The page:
Hat tip to Gen X Revert, who is busy planning his nuptials!
Th following information is from DeeAnne Domnick, a CPM from Louisiana. She is working with the evacuation of pregnant women and families with small children from the devastated areas of Louisiana and Mississippi. She has asked to spread the word about what she is doing, and the help that is needed, to the midwives on the internet.
DeeAnne has a 501 C-3 non-profit organization called Barefoot Doctor’s Academy that has been around for many years and works to provide medical care to low income families in Louisiana and in South American and Hawaii. Her organization has teamed up with others to assist in the care offered to the evacuees.
She says that pregnant women in late pregnancy are being airlifted to medical centers in other states, and the pregnant women who are not near term are being taken by Amtrak to Illinois. They are looking for midwives who will volunteer to ride on these planes and trains to provide care during transport. It is not the intent to do births in transit, but it is likely to happen. On the longer train rides, she hopes that midwives will give prenatal care and provide childbirth education, and assist new mothers who are traveling with small babies. The same services could also be provided in some of the shelters before transit. Volunteers should bring their own supplies (births kits and prenatal bags) and provide their own transportation. It would be wise to bring a supply of personal food and water, and bedding in case it is needed. They prefer midwives with credentials and experience since few of these births will be low-risk, but will find a place for midwives of any background to help.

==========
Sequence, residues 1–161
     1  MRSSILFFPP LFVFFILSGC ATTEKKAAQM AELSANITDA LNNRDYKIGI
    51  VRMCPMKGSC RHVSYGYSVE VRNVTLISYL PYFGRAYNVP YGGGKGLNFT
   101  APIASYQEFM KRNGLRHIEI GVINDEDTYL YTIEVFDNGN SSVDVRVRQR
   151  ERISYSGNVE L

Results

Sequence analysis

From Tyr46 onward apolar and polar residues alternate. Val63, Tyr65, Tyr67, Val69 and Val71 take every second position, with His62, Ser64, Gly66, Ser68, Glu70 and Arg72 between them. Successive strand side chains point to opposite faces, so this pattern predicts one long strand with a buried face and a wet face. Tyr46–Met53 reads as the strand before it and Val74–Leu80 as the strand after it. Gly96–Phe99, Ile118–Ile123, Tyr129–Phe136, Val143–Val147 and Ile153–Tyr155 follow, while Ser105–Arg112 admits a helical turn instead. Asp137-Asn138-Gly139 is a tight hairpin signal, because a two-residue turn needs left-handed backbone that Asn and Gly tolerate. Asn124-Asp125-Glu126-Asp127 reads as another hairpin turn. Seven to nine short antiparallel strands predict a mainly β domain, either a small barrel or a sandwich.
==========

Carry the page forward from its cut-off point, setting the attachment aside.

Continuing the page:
The central base DeeAnne is working from is Baton Rouge, Louisiana. The planes are flying out from there. The trains are beginning at various points in LA and MS, and are traveling up through Memphis toward Chicago on the Amtrak lines. Volunteers can come to Baton Rouge, or can meet trains at other stops to finish the ride.
In addition to volunteer work, they are accepting financial contributions through their 501 C-3 which are tax deductible to the giver. Donations may be sent to the Hurricane Disaster Project, Barefoot Doctor’s Academy, P.O. Box 371, Hawi, HI 96719. The funds kept there are accessible for their work in Louisiana.
There is a website for the non-profit organization, though they do not have much information up yet on the hurricane relief project.
To find out more about becoming a volunteer, you may call DeeAnne at 808-987-8213, or e-mail her.
The Gospel according to Trolls
Quotes Rudyard Kipling in reply to those who blame Katrina on their favorite demons.
One of the blessings of having a lectionary is that we come to learn pretty much the whole of scriptures if we but attend Mass regularly. I can't quote chapter and verse like many of my friends who grew up with memory verses, but I know what the Bible says and, given a decent concordance, I can usually find the verses I'm looking for.
Another blessing is that the pastor can't evade passages with which he is unfamiliar or unhappy. Granted, some pastors can get pretty creative with interpretation, but they can't ignore the existence of the more uncofortable of the scriptural teachings.
And yet a third blessing is that no matter what is going on in the world, there is always something in the appointed reading that can apply to it. There is not this struggle to try to find 'the perfect scripture' to teach on and to learn from. It is right there, often with a specificity that is almost eerie, and always a reminder that God is in charge, ultimately. For example, today's Epistle closes with the phrase, "love is the fulfillment of the law" - a perfect segue into the request that we all show our caring for the survivors and victims of Katrina by opening our heart to them, praying for them, and helping to meet their physical needs as well.
This morning, Father opened his homily with a quote from C.S. Lewis.
"God whispers to us in our pleasures, speaks in our conscience, but shouts in our pains: it is His megaphone to rouse a deaf world." He then went on to speak about a billboard he had seen on I-10, at the entrance to New Orleans. It is Jesus crucified, with the caption underneath: "It's your move".